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Why it’s done:
Liver disease can cause restriction of flow through the liver, resulting in elevated pressure in the circulation from the bowel to the liver (portal vein). High portal vein pressures can cause bleeding (esophageal or gastric varices), and can cause buildup of fluid in the abdomen (ascites) or the chest (hepatic hydrothorax).
How it’s done:
An interventional radiologist uses ultrasound and X-rays to guide a catheter into the vein draining the liver. A specialized needle is then passed through the inside of the liver and into the portal vein. A covered stent is placed to create a shunt from the portal vein to the hepatic vein, bypassing the liver and relieving the elevated portal vein pressure.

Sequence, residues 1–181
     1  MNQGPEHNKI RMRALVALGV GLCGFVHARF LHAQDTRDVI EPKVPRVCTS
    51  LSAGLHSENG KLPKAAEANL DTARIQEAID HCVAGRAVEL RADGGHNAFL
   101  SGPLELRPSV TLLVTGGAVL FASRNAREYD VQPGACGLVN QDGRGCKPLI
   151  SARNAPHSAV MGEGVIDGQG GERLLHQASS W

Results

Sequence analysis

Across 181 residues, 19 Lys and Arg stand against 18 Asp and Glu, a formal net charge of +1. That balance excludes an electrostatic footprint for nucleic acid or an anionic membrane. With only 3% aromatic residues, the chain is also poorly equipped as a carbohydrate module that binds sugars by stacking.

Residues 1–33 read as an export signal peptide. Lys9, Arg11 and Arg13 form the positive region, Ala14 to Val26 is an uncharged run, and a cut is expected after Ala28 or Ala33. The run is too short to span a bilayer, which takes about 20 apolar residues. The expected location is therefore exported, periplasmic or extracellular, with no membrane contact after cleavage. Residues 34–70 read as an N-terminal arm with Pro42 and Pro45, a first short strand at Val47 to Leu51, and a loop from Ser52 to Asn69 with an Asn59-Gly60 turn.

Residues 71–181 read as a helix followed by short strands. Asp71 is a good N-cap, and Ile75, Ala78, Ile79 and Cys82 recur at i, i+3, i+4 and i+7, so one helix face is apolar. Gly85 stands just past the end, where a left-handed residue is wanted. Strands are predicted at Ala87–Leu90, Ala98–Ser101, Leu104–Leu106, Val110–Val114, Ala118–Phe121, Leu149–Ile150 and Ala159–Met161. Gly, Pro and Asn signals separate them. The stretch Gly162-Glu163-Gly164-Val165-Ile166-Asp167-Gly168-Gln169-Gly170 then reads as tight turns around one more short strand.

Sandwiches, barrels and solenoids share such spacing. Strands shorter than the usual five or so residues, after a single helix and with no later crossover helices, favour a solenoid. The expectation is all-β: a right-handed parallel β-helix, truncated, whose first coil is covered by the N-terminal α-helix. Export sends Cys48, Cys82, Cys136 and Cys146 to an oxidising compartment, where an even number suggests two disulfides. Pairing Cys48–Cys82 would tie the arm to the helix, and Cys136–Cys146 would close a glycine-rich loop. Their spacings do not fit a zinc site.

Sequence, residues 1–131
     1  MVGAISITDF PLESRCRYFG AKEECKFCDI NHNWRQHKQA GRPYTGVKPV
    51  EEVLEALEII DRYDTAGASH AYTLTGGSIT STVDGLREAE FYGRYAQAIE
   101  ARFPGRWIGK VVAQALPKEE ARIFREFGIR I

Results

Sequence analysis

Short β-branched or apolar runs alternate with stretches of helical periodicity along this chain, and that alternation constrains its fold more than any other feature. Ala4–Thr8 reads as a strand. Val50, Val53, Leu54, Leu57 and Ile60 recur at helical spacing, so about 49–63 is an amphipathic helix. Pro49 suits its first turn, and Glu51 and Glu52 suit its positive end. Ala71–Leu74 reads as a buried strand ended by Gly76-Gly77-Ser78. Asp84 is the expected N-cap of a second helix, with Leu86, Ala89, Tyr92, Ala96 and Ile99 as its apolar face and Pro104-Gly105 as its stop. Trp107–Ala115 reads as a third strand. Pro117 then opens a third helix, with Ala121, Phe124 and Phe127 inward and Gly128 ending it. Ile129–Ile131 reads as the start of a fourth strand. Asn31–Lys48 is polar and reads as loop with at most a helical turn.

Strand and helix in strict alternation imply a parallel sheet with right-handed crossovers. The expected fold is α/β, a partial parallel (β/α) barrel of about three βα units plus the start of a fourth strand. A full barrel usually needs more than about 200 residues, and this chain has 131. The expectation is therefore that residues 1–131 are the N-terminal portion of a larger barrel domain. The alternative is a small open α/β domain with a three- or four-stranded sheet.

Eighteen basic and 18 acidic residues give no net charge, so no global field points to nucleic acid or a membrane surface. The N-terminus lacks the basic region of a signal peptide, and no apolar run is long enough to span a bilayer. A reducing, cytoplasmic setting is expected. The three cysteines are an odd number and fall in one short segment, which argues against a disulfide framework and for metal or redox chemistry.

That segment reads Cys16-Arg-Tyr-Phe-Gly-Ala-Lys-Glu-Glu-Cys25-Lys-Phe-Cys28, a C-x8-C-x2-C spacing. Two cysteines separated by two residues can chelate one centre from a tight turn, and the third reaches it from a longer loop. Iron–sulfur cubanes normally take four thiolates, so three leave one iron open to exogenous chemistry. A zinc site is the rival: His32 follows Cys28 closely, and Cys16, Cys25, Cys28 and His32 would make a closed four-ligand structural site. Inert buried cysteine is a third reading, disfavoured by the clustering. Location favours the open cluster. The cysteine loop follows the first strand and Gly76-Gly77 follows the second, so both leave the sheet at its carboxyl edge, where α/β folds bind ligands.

Level of anesthesia:
Bleeding, infection, liver failure, confusion (hepatic encephalopathy)
Most patients are admitted for several days for monitoring.
Doppler ultrasound is performed 2-7 days after TIPS to make sure the shunt remains open. Follow-up is usually every 6 months afterward to monitor for any narrowing or blockage of the shunt.
For More Information:
For more information or to schedule an appointment with one of our IR physicians, please call 310-481-7545.